"For whosoever shall keep the whole law, and yet offend in one point, he is guilty of all. For he [God] that said, Do not commit adultery, said also, Do not kill. Now if thou commit no adultery, yet if thou kill, thou art become a transgressor of the law."

 

Why is a person "guilty of all" if they "offend in one point" only? Sadly, those who misunderstand this idea will often use the term 'sin is sin' (which falsely implies all sins are equally bad), because they assume this verse justifies simplistically lumping together all offenses against God or others. But it does not. Rather, the passage actually highlights this principle: God's word comes from God.

 

James 2:11 has this line of reasoning: "he that said" 'x' "said also" 'y'. "He" must refer to God because it was "God" (Ex 20:1) who said "thou shalt not kill" (Ex 20:13) and "thou shalt not commit adultery" (Ex 20:14). Thus, the 'he who said this also said that' line of reasoning tells us a man who ignores what God said in one area of the law is "guilty of all" because he has shown disrespect for the authority behind the law. God stands behind every word of God, so an offense on any point is an act against the authority of God. This is the focus of the passage.

 

Although the verses in James explicitly mention the "law", the same logic would apply to anything else God has said. What God said in "the whole law" has the same authority as any other words of God because they come from the same source. Since God is the source of God's word, we must be consistent in our regard for scripture if we truly want to honor God.

 

"God, who at sundry times and in divers manners spake in time past unto the fathers by the prophets" (Heb 1:1) and "all scripture is given by inspiration of God" (2 Tm 3:16) are just two of the verses that tell us God is the source of scripture. Those verses also let us know the authority of God's word is not diminished when it is faithfully communicated through the mouth or pen of a man (because the source of the words is not the messenger, it is God).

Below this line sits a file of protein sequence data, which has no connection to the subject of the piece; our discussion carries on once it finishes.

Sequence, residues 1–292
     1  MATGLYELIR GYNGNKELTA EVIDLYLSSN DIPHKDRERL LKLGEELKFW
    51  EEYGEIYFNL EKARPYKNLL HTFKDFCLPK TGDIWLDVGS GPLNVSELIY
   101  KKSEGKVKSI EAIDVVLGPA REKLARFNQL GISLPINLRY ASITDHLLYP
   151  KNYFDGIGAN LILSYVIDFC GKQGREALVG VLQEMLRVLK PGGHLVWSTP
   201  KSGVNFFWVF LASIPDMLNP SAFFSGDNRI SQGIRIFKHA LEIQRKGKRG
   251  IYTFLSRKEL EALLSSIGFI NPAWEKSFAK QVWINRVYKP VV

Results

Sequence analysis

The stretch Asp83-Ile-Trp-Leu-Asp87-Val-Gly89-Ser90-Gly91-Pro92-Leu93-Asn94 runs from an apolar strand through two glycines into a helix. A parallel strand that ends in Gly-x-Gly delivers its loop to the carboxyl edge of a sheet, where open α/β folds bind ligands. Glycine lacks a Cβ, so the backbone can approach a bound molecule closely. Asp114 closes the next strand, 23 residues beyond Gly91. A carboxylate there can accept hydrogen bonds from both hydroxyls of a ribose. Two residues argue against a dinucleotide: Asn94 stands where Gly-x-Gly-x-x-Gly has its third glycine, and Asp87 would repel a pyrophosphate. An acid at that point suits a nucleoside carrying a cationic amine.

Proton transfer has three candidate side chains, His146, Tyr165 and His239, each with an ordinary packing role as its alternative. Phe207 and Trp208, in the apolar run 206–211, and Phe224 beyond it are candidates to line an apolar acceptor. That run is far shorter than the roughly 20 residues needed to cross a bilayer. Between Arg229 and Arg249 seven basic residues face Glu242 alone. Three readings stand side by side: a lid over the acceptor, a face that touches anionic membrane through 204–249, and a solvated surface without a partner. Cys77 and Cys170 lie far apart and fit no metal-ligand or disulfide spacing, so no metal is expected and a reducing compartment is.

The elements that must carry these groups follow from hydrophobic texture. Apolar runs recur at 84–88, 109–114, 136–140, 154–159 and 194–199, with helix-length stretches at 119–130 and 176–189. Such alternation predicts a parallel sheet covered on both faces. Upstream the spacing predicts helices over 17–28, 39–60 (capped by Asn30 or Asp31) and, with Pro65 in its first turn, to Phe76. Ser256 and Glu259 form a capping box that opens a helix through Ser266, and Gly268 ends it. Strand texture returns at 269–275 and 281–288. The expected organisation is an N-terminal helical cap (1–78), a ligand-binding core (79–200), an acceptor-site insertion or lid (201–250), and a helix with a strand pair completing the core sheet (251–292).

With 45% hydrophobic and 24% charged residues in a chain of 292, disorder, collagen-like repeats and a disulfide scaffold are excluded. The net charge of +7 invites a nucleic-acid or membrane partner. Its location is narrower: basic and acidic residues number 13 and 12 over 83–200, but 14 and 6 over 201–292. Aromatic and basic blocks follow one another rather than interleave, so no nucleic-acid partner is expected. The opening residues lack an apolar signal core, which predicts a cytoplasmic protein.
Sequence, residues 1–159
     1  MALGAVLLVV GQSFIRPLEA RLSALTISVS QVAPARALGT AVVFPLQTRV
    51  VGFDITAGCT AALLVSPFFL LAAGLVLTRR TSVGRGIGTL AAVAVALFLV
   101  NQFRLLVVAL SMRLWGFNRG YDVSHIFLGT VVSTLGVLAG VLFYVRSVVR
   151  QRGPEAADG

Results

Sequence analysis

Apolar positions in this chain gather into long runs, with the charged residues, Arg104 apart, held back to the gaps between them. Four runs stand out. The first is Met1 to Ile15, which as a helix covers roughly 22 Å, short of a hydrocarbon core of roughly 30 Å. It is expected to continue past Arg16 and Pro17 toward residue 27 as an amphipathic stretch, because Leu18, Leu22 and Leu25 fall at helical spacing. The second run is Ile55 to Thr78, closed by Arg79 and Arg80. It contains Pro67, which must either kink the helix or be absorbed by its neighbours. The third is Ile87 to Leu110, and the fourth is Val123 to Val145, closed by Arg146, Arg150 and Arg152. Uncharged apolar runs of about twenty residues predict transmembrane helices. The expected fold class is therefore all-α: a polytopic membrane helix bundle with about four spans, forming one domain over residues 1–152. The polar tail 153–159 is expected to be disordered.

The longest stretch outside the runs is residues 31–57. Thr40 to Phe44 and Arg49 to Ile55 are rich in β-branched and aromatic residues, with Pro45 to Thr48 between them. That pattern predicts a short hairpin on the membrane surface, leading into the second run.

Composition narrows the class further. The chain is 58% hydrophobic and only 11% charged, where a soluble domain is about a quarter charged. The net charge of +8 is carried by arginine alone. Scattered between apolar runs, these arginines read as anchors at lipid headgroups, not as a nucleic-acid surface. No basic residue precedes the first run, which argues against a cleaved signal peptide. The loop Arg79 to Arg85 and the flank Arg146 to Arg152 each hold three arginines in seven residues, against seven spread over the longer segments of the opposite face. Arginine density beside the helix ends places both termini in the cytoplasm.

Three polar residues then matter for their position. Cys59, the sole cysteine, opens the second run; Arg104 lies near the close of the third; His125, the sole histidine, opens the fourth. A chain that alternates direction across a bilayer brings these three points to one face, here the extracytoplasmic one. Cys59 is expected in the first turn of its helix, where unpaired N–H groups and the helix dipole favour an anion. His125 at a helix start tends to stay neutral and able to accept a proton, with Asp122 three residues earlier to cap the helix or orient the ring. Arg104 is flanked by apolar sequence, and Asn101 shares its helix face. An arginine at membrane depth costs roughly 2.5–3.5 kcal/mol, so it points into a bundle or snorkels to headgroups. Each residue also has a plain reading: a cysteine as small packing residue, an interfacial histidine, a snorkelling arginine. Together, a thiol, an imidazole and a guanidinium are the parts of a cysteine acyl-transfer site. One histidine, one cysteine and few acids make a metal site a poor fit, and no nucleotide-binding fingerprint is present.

The Integrity of Our Method

 

Jesus told the Jews of his day, "For had ye believed Moses, ye would have believed me: for he wrote of me" (Fourth gospel 5:46). What does this tell us about the Jews? It proves they were deceived. How so? Did the Jews of that day think they believed Moses? Surely, they did. But thinking they believed Moses did not make it so. People can think they know the truth when they do not. To be deceived is to believe a thing is true when it is not. The words of Jesus show the problem with the Jews was they did not believe Moses. Undoubtedly, they were convinced they did believe Moses. Yet, scripture proved they had deceived themselves (because their belief was not consistent with the word of God).

 

In the passage in question, Jesus went on to say they could not believe his words because they did not believe the words of scripture: "But if ye believe not his writings, how shall ye believe my words?" (Fourth gospel 5:47) Here we see showing respect for all of God's word is critical. When people ignore God's word in one area, the problem is not limited to one issue.